Yesterday, members of the Senate Judiciary Committee took the coward’s way out.
After spoiling a strong adoption bill (HB 159)—which had advanced out of the House with bipartisan support—with anti-LGBT amendments, the Senate Judiciary Committee was given a second chance to do the right thing and fix the bill.
HB 159 was slated for a second hearing in the Senate Judiciary Committee yesterday. This would have been the moment for Senators to fix the bill by removing the anti-LGBT amendments. Instead, before the day even started, there were rumors percolating that certain committee members—led by Senator William Ligon—were planning to double down on the discriminatory components of the legislation.
There were hours of testimony on HB 159 in support of removing discriminatory amendments and advancing a clean bill, including from Kathy Colbenson, CEO of CHRIS 180 (an organization that provides mental health and trauma services to children in the foster care system), Rev. Beth LaRocca-Pitts, senior pastor at Saint Mark United Methodist Church, and Melissa Carter, Executive Director of the Barton Child Law and Policy Center.
By the end of the day it was clear that the Senate Judiciary Committee would not take measures to fix the legislation. But in an unexpected turn of events, the committee adjourned for the day without voting on the anti-LGBT legislation at all.
Now, what was otherwise a strong adoption bill—which could have been easily resurrected by removing discriminatory anti-LGBT components—is effectively dead in the water for 2017.
“It is unfortunate that a handful of senators have decided to hold hostage such an important and needed piece of legislation, rather than setting aside a blatant attempt to write LGBT discrimination into law.” -Jeff Graham, Georgia Unites
Jeff Graham, the head of the Georgia Unites Against Discrimination coalition, condemned this cowardly move, saying: “Thank you for all who have taken action over the past week. It is unfortunate that a handful of senators have decided to hold hostage such an important and needed piece of legislation, rather than setting aside a blatant attempt to write LGBT discrimination into law. While it appears that no further action on HB 159 will take place this year, the bill has not been officially tabled and could therefore be forwarded to the Senate for a vote at any point between now and sine die.”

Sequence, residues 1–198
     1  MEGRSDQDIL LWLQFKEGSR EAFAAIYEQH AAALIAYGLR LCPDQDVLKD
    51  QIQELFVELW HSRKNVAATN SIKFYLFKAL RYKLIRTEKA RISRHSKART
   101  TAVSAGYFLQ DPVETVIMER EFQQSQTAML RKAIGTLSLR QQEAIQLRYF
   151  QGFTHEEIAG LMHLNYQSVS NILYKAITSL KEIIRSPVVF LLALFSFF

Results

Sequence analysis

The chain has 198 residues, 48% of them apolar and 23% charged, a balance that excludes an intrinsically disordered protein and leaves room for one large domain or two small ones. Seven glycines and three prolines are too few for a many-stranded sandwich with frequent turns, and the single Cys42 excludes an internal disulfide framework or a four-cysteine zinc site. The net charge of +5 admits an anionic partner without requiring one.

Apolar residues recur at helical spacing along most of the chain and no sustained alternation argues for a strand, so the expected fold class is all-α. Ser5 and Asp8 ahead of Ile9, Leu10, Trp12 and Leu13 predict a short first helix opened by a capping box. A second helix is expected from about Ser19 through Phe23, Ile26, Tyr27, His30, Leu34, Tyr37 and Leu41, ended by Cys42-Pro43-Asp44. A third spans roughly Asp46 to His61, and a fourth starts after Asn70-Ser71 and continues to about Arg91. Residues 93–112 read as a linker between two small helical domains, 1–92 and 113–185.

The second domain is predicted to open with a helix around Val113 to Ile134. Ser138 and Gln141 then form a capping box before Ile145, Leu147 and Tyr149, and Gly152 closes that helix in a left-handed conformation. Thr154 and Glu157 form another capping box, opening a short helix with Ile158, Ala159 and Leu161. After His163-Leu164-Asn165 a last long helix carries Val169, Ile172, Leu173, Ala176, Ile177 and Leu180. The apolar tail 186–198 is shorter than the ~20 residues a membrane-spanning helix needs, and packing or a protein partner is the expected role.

As amended, the tainted version of HB 159 would have allowed adoption agencies to discriminate against and refuse to work with same-sex couples and prospective LGBT parents looking to give children in need a loving and forever home. Critics of the tainted bill ranged from LGBT advocates to leading national child welfare organizations to Republican Governor Nathan Deal.
Not only did the amended legislation allow for explicit state-sanctioned discrimination against LGBT people. It jeopardized hundreds of millions of dollars in federal funding to Georgia’s hamstrung adoption and foster care systems, according to the Division of Family and Children Services. And it put the lives of the 12,000 orphans and children in the foster system on the line by needlessly restricting the pool of prospective parents and families.
Georgia’s adoption code hasn’t been updated since 1990. According to a recent analysis by the AJC, there has been wariness among state lawmakers to advance adoption legislation because of concerns it would be perverted and used as a vehicle for advancing anti-LGBT discrimination in Georgia. Now, despite bipartisan support for updating the state’s archaic adoption laws, and a strong majority support for LGBT equality across Georgia—a select few lawmakers have wasted an opportunity to do what was right: Fix and pass HB 159.SHARE THIS STORY